Retail Corporation Walmart Facing New Lawsuit in Illinois
While social media companies such as Twitter, Meta, and TikTok continue to run amok of data privacy legislation worldwide, the Illinois State Legislature continues to enforce their landmark Biometric Information Privacy Act (BIPA) in a manner that is all but unheard of throughout the rest of the U.S. To this point, major news organizations around the country reported last week that multinational retail corporation Walmart was the latest major business to be accused of violating the Illinois BIPA law. For reference, the provisions of the BIPA prohibit businesses from collecting, storing, disclosing, or selling the biometric information of Illinois citizens, among other relevant stipulations.
With all this being said, court documents that were filed by an Illinois resident named James Luthe on September 1, 2022, allege that “Walmart stores in Illinois are outfitted with cameras and advanced video surveillance systems that — unbeknownst to customers — surreptitiously collect, possess, or otherwise obtain Biometric Data,” the complaint reads. “Walmart does not notify customers of this fact prior to store entry, nor does it obtain consent prior to collecting its customers Biometric Data.” What’s more, the lawsuit also claims that Walmart failed to notify customers about the company’s use of “Clearview artificial intelligence facial recognition software that scans and stores facial features.”
Data privacy violations in the U.S.
In what has become a recurring theme for many large-scale businesses that serve U.S. consumers in recent months, the overwhelming lack of privacy legislation that currently exists within the country has effectively given businesses such as Walmart the ability to collect, store, and sell the personal information of their customers without penalty or consequence. For context, Google, Youtube, Snapchat, and several fast food restaurants including Chipotle, Applebees, and Red Lobster, among others, have been hit with lawsuits for violating the Illinois BIPA law this year alone.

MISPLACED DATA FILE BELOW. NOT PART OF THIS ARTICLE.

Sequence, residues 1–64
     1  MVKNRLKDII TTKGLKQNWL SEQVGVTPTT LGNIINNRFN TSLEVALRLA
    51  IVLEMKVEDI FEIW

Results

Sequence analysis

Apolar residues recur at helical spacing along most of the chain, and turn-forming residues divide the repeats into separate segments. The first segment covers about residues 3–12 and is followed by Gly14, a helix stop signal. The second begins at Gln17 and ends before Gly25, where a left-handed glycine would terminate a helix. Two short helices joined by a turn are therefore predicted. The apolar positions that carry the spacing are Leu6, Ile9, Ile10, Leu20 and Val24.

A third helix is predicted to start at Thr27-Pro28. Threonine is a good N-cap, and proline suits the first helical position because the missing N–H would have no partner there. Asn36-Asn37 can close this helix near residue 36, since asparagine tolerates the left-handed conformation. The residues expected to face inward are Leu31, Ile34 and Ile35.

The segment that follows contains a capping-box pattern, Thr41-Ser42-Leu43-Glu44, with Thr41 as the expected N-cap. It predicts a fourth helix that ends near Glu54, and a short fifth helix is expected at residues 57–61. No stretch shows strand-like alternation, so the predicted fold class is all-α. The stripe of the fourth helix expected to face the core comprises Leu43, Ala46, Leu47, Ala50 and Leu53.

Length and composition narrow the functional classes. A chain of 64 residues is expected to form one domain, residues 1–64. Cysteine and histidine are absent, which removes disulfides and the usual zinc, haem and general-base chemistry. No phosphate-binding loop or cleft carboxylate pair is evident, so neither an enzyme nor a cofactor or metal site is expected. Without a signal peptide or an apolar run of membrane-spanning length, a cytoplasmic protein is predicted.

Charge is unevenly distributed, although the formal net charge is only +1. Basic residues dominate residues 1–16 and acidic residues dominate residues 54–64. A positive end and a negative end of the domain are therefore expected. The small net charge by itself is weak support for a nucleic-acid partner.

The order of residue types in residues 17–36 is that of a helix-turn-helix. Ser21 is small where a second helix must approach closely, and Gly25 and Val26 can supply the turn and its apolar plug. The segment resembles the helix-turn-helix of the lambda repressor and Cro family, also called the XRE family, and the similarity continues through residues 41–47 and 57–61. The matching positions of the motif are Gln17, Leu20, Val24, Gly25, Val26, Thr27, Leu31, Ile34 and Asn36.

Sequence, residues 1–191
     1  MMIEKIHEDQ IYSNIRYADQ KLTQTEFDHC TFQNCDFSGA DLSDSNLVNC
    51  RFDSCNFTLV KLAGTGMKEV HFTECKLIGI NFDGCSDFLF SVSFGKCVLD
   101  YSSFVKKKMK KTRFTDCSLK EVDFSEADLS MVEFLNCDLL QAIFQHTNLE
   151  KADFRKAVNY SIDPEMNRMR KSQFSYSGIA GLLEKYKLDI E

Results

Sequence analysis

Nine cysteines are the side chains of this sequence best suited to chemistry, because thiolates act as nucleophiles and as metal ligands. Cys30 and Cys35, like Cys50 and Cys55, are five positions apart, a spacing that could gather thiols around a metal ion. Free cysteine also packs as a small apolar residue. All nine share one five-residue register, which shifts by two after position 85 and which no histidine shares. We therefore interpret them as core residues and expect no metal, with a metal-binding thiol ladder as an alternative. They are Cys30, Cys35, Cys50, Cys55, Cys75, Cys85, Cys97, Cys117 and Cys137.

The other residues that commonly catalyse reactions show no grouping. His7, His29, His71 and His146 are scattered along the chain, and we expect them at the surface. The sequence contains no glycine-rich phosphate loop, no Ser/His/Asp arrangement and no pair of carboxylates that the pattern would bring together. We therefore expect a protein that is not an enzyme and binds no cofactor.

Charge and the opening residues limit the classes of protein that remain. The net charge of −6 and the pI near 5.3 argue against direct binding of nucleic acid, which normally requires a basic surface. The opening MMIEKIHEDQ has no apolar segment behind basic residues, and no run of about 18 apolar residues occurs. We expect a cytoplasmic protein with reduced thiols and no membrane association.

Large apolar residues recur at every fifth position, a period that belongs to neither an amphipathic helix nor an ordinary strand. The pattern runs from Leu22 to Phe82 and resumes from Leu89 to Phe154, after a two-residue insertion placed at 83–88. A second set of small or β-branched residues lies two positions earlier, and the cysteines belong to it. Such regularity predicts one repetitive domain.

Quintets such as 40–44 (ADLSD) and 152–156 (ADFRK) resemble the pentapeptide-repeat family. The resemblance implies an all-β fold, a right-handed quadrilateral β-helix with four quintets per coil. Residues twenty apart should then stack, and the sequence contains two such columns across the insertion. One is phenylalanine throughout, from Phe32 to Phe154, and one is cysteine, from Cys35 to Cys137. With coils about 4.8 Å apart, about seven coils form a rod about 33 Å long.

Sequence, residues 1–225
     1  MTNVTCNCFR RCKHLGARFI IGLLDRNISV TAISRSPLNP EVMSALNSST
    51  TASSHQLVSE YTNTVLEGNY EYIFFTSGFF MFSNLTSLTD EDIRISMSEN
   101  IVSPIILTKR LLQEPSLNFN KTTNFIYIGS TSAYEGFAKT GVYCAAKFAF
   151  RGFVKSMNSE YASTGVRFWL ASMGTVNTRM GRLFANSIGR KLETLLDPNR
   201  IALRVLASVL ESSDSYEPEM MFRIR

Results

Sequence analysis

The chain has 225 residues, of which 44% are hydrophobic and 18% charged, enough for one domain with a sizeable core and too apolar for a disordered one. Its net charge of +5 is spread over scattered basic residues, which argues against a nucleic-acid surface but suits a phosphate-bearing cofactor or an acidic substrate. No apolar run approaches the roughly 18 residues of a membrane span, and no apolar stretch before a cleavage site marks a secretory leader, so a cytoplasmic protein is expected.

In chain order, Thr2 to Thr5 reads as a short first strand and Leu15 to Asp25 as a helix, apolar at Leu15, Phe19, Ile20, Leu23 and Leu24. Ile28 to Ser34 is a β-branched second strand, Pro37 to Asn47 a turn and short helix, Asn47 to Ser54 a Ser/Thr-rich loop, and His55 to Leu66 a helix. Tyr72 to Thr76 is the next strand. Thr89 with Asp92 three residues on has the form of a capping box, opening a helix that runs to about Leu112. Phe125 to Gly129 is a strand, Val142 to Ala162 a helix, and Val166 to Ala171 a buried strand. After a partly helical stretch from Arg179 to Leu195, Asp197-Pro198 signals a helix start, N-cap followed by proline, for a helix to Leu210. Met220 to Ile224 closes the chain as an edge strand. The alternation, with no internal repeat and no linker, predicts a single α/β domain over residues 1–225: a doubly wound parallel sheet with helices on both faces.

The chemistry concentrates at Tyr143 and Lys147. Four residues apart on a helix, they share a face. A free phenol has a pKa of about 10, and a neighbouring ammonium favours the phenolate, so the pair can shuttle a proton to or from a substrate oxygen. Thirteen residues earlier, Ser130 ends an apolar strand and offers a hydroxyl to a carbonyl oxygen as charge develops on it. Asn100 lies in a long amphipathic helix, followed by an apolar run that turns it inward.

Likewise, while the specific nature of the lawsuits that have been imposed against these respective businesses are undoubtedly varied, all of these lawsuits highlight the discrepancies between collecting the personal information of citizens that are protected by privacy legislation and the millions of other citizens across the U.S. that are not afforded the same level of data protection. To this end, while collecting the biometric data and Illinois resident without their consent could result in a business being hit with a million-dollar fine, these same data collection practices are perfectly legal in virtually every other U.S. state.
GDPR enforcement in recent years
To this last point, the level to which the Illinois State Legislature has enforced the BIPA has drawn comparisons to the EU’s landmark General Data Protection Regulation (GDPR), as many of the same businesses that have been fined millions of dollars for violating the BIPA have also faced similar penalties for breaking the law within European nations as well. In both cases, the actions that have landed businesses monetary penalties for violating the law are legal in most other countries around the world, displaying the value that privacy laws can provide to consumers as it concerns the protection of their personal data and in turn, their privacy.
Clearview artificial intelligence
In addition to claims that Walmart violated the biometric data privacy rights of James Luthe, his lawsuit also cited the company’s use of facial recognition software. Subsequently, while the first point of contention has yet to be conclusively proven, Walmart has publicly acknowledged its use of facial recognition technology throughout its various retail locations. Nevertheless, Clearview AI, a company that has provided Walmart with facial recognition cameras, in addition to various other private businesses, has also been accused of violating the personal privacy rights of American citizens in the past, as the company has already been found guilty of violating the BIPA outside of their business relationship with Walmart.
In spite of the fact that data privacy legislation within the U.S. is still very limited when compared to many other countries, the way in which the Illinois BIPA law has been enforced in recent years has effectively provided U.S. states with a data protection blueprint that can be followed in the near future. Furthermore, the manner in which the BIPA has been enforced is in direct contrast to the public perception of many huge business corporations such as Walmart, as these businesses are often able to avoid taking accountability for actions that prove detrimental to everyday consumers. For these reasons, the Illinois BIPA will surely continue to influence the enactment of new privacy laws globally in the years to come.